I come from a nonenthusiast family. I grew up with a mix of Camrys, Accords, and an Odyssey, but as my mother’s working life came to an end, I pushed her a little bit to splurge on a luxury-branded sedan. She finally caved.
Like most people, my mother feels that driving is only a means to get from point A to point B—more of a chore than something to do for fun. Adaptive cruise control was a necessity, and the A4’s “Traffic Jam Assist” won her over. Although not quite as good as Tesla’s Autopilot, Audi offered the best system under the $50,000 limit she’d set. Getting the $1,800 Driver Assistance package with that tech required upgrading to the Prestige trim, which itself is an $8,600 option that included almost every creature comfort we wanted and still allowed us to keep costs in our target range.
We ordered the car with high hopes, and we were not let down. From taking delivery of the car through the first few thousand miles, the new car bliss was noticeable. About three months into ownership however, the shine wore off, and I saw what we were left with. The ride comfort was too harsh for my mom, who I noticed kept asking to drive my car, an Accord. Eventually, we permanently swapped cars.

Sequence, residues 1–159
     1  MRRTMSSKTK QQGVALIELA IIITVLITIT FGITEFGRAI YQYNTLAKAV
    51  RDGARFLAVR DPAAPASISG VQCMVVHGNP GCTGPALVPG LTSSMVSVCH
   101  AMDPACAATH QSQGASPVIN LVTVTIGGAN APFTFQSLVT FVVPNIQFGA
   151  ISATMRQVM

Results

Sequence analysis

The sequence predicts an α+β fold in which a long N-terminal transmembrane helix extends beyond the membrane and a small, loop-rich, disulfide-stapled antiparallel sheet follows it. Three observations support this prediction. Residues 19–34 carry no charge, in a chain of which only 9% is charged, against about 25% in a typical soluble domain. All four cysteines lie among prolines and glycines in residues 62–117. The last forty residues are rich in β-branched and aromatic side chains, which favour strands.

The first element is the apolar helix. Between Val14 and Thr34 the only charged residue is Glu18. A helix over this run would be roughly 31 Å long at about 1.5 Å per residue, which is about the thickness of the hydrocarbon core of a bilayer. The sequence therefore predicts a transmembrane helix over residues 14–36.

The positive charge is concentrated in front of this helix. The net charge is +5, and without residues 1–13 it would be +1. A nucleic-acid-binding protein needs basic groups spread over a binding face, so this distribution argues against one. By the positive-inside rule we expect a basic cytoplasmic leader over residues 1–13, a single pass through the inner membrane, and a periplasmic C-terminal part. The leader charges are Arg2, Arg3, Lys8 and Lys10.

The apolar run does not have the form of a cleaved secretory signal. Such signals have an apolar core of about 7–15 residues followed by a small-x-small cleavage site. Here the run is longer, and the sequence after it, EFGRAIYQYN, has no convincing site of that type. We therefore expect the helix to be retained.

So, there I was, left with a front-drive, Ibis White A4 with black leather. The car says “fuel economy,” but in a much sexier language than my Accord. Motor Trend’s new 2017 A4 long-termer was like my car but with all-wheel drive and the $1,000 Comfort Adaptive Damping Suspension. That suspension option has been discontinued for the 2018 model year after the option on the 2017 model had a low take-rate. A sport-tuned adaptive suspension is still available, but only on manual-transmission models with a Sport Plus package. When I spoke to senior production editor Zach Gale, the A4’s assigned chaperone, he asked if the long-termer’s all-wheel drive and eliminated-for-2018 Comfort Adaptive Damping Suspension were worth it compared to my A4 — here are my thoughts.Read more on MotorTrend site